For Shakespeare's audience, there were three possible after-life existences: heaven, hell and purgatory.


Christians believe that heaven is a place of eternal joy, where God is enthroned and surrounded by angels — creatures of pure spirit who act as God's messengers to earth. It is depicted as a place of shining light and great beauty: the most famous vision of the Christian heaven is in the last book of the Bible, Revelation
No human being deserves to enter heaven because all are guilty of sin. However, the Bible teaches that those who repent of their wrong attitudes and actions, put their faith in the fact that Christ's death has saved them and seek to live in obedience to God while on earth, will spend eternity in heaven with him.


However, according to a Catholic belief portrayed in Othello, there is also a place called purgatory — a place between heaven and hell where the souls of those who are not damned, but who are not yet fit for heaven, may go to be purged, or purified, of sin (though this idea is not found in the Bible). For example, Emilia states that she is prepared to suffer purgatory for worldly gain, implying that she believed she would still eventually gain heaven.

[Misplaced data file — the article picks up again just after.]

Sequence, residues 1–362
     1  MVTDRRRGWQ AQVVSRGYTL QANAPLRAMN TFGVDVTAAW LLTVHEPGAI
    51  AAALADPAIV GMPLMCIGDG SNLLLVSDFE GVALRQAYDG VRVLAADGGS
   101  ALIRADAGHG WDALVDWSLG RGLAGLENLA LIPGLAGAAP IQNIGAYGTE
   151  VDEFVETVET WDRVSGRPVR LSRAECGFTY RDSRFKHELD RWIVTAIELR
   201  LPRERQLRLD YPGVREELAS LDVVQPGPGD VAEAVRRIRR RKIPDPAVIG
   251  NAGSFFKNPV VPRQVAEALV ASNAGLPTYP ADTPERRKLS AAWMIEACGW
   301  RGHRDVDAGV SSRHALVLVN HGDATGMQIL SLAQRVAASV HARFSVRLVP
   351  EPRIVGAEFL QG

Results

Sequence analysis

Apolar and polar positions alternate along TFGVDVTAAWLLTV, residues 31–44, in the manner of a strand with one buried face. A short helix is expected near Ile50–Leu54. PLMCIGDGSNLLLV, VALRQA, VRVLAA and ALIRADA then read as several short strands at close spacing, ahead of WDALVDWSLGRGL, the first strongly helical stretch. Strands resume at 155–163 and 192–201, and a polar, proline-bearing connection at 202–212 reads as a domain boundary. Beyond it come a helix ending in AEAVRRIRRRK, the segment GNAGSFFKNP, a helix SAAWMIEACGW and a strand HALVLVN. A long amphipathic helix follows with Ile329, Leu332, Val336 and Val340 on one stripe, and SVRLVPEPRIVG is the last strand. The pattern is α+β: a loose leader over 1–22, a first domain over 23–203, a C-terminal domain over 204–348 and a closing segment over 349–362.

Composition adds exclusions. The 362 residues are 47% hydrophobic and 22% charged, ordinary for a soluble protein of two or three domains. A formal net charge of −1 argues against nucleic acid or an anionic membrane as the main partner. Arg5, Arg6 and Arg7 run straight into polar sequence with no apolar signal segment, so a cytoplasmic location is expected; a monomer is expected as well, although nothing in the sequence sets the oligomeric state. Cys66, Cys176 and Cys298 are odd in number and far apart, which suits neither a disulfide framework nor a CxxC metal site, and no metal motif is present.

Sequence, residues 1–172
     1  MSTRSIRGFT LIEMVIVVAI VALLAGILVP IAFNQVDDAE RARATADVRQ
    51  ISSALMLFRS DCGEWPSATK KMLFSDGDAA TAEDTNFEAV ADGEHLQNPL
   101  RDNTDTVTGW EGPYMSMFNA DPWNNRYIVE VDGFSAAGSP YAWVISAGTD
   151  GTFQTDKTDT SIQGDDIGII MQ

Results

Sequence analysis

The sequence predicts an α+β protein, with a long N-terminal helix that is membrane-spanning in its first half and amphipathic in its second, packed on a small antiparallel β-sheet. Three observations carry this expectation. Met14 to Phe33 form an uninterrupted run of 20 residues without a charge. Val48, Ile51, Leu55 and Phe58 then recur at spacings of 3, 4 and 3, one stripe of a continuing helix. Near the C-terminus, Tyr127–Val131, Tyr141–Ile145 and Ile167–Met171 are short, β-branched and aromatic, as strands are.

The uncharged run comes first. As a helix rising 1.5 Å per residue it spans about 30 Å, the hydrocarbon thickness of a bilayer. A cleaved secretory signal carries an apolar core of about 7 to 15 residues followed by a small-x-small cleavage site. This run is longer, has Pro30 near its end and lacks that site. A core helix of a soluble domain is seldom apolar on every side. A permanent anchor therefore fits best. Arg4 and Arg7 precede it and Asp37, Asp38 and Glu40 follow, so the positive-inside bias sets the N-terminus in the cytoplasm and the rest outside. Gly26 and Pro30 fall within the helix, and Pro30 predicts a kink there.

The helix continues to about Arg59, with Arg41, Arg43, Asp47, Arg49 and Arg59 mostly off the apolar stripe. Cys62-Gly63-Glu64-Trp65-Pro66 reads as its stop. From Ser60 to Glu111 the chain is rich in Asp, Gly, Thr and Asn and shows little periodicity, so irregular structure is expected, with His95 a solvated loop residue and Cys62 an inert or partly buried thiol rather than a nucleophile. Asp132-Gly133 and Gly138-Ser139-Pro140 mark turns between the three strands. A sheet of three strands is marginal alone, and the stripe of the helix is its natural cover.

The Bible taught that those who had rejected Jesus on earth, and were guilty of evil acts of which they did not repent, would be condemned by the judgement of God to hell — a place of eternal separation from God and thus eternal torments (far worse than those believed to take place in purgatory).
Although the Bible does not provide a detailed description of hell, Christian tradition has included the following beliefs:
  • Hell is a place of fire and suffering
  • Hell is the abode of devils and demons — evil spirits (traditionally, angels who have rebelled against God). These devils torment souls in hell and also tempt humans on earth. In Othello, Emilia curses her husband with, ‘hell gnaw his bones.’
  • Hell is the home of Satan, the chief evil spirit, whose name means ‘enemy' (as he is the enemy of God and of humankind). As Othello says, ‘The devil their virtue tempts.’
For further information see Big ideas: Devils.

Mercy and forgiveness

With death an ever present reality in Elizabethan life, it is no wonder that there was such a preoccupation with what happened to people when they died. People's fears were focused on the torments of punishment, but the influence of the Reformation meant that there was also a clearer understanding of God's grace and the possibility of forgiveness. 

Changing emphasis

The Bible states that God, who created the world and entrusted its care to humankind, will judge all according to the way they have lived:
  • The Old Testament frequently shows God punishing individuals for sinful behaviour